U.S. Virgin Islands Airline Says French Ban On its Flights Unjustified

CHARLOTTE AMALIE, U.S. Virgin Islands (AP) -- A U.S. Virgin Islands airline banned from landing on French soil for safety reasons protested the decision Tuesday, calling it unjustified.

Air St. Thomas was among six carriers on a blacklist released by the French civil aviation authority Sunday in an attempt to allay public fears about flying after a recent series of deadly crashes. Although all the airlines had been banned in recent years, France had never before made a blacklist public.

Air St. Thomas started charter flights to the French Caribbean island of St. Barts in 1970. It has been banned from landing there since March 2004, said Air St. Thomas owner Paul Wikander.

After a year of losses, the airline is closing next month, Wikander said. Most of its flights had been to St. Barts, he said.

Wikander insisted his airline has a solid safety record, claiming the local government on St. Barts has resisted allowing U.S. competition for French Caribbean airliners.

''I'm really proud of our safety record,'' Wikander said. ''To be treated like leaves a bitter taste in my mouth.''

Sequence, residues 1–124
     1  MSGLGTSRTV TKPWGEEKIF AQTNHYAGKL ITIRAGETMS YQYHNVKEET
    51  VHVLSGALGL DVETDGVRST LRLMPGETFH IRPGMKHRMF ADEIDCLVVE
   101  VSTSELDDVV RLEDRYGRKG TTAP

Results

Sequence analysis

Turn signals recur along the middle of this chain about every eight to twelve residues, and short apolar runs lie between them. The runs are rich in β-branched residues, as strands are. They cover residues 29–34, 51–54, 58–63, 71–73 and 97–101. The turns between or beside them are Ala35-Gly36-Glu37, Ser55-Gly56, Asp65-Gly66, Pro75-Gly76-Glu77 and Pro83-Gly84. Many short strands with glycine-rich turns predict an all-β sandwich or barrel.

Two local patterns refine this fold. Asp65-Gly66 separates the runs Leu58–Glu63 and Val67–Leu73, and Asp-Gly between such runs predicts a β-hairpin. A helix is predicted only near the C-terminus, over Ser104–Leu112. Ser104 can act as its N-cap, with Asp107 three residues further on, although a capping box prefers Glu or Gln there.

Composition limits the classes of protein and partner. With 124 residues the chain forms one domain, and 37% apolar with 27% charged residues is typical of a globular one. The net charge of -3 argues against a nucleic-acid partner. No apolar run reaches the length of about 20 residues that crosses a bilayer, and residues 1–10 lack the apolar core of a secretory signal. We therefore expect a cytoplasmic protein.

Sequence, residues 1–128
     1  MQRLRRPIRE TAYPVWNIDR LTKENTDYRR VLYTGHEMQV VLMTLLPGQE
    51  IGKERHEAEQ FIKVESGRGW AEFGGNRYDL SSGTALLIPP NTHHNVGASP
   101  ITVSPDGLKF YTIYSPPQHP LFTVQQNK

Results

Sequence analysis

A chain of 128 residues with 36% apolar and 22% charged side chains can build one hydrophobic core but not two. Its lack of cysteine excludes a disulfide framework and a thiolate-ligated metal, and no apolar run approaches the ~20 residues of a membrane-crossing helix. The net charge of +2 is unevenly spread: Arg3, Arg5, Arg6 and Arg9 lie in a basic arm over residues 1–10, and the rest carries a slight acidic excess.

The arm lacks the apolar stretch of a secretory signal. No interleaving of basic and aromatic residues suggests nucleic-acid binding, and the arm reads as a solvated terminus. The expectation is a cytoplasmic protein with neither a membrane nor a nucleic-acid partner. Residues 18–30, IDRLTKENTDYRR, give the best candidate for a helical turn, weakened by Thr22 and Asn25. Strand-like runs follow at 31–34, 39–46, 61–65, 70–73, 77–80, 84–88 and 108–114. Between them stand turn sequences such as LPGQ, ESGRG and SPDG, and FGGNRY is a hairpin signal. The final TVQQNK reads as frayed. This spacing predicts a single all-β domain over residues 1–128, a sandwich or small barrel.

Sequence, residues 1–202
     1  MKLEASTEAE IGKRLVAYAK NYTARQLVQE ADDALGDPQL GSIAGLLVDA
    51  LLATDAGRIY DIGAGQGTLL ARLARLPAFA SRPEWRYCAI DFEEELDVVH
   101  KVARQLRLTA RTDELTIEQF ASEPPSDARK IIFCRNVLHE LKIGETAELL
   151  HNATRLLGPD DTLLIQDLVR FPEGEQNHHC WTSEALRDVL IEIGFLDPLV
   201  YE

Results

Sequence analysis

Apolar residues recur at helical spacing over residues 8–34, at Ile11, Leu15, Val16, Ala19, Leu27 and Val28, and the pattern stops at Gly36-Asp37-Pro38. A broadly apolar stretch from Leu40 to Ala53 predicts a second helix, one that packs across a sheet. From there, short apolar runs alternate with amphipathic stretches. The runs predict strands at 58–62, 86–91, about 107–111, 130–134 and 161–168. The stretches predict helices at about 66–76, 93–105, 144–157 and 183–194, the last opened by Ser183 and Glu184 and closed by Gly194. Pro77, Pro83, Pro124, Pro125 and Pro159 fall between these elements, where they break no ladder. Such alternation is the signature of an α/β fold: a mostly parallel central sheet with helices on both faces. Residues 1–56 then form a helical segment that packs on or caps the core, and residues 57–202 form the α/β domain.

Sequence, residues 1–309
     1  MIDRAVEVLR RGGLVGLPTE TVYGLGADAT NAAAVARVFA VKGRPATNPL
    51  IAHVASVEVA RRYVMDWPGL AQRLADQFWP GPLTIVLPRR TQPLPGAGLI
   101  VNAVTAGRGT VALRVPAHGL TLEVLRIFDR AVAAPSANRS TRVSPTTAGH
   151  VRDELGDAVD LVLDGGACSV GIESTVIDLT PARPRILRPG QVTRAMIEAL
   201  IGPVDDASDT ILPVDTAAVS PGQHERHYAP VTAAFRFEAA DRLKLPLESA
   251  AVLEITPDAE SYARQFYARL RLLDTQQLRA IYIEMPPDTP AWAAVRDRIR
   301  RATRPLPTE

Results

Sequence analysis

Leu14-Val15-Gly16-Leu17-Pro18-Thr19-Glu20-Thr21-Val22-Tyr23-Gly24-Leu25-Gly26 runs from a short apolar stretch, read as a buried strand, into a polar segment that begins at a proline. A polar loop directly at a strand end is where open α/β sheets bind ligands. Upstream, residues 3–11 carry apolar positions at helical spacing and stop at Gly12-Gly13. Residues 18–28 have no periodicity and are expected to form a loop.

Attempts to reach officials in St. Barts for comment were unsuccessful.

The French aviation authority did not detail why each company had been blacklisted.

U.S. Federal Aviation Authority records show St. Thomas Air had 18 instances of safety trouble between 1980 and 2003.

In the most serious incident, a plane went missing in July 1981. Part of the wing was later recovered in the ocean, but the pilot was never found. No one else was on board.

A plane crashed into the water in 1996 when the control stick stuck, forcing the pilot to abort takeoff from the St. Barts airport. No one was injured.

In 1993, a plane struck a parked aircraft while trying to maneuver to the gate at the Charlotte Amalie Airport in the U.S. Virgin Island of St. Thomas. The pilot was fired.

Belgian authorities also released a blacklist of airlines Sunday, while Swiss civil aviation officials said they planned to release a similar list Thursday.

Proposals for a European blacklist are working their way through lawmaking institutions.

The French and Belgian measures followed a series of five aviation accidents in the past few months, including one involving a Colombian-registered charter that crashed in Venezuela, killing 160, almost all of them French citizens from the Caribbean island of Martinique.

Copyright 2005 Associated Press